By Sarath De Alwis –
“End and Goal: Not every end is a goal. The end of a melody is not its goal; but nonetheless, if the melody had not reached its end it would not have reached its goal either. A parable.” ~ Friedrich Nietzsche
“There are decades where nothing happens; and there are weeks where decades happen.” ~ Vladimir Lenin
So long as we remember the fear psychosis that gripped our minds alert to human dignity under the shadowy surveillance state before 8th January 2015, we will not doubt the credentials of the change that it brought about. That it got mired in murky power politics is nether here nor there.
There is a saying. Everybody is great until you get to know them. Now, we know most of them. More specifically, we know President Maithripala Sirisena and Prime Minister Ranil Wickremesinghe.
In the next 18 months, we will know how to define these times. We must finish what we started. The danger we must avert is to make sure that it does not turn out to be something different from what we intended.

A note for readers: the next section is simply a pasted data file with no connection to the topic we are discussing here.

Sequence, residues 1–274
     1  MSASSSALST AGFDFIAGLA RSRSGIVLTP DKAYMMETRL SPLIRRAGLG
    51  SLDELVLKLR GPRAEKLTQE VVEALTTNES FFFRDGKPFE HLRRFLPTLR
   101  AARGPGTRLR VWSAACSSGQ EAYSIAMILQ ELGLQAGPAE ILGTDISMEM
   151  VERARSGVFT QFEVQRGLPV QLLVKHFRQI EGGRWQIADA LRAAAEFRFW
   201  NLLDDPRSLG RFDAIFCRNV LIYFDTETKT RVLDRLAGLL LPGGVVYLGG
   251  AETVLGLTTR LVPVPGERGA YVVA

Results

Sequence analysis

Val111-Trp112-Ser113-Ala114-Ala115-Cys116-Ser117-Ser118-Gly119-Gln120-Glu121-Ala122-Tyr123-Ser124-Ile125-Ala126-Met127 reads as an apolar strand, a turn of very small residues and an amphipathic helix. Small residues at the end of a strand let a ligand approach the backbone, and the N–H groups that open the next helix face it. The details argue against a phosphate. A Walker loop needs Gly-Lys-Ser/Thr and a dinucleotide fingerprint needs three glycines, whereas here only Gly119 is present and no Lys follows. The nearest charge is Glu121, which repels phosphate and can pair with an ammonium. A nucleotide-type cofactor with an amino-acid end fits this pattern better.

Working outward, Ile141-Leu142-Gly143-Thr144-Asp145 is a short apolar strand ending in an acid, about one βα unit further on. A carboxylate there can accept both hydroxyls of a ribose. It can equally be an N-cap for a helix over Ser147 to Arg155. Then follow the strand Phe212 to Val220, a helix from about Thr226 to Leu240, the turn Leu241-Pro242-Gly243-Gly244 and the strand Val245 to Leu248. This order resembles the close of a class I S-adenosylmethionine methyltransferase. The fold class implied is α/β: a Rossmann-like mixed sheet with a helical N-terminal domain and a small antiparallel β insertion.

On January 8, 2015 a change occurred. It was sudden and surprising. It was sudden, because we did not dare think of a time when we would not feel the weight of the Mahinda Rajapaksa monolith. It was a monolith that nearly perpetuated itself. A monolith is a large, powerful organization that is not willing to change, and that does not seem interested in individual people.
The January 2015 reversal was surprising because entrenched autocrats do not step down that easy. How he stepped down, is another story for another day.
We shouRescuing ld stop blaming Mahinda Rajapaksa. In his ‘Theory of Justice’ John Rawls advises us not to expect politicians to be correct, proper and act with integrity. That is not how it works.
“Historically one of the main defects of constitutional government has been the failure to insure the fair value of political liberty. The necessary corrective steps have not been taken, indeed, they never seem to have been seriously entertained. … the fault lies in the fact that the democratic political process is at best regulated rivalry.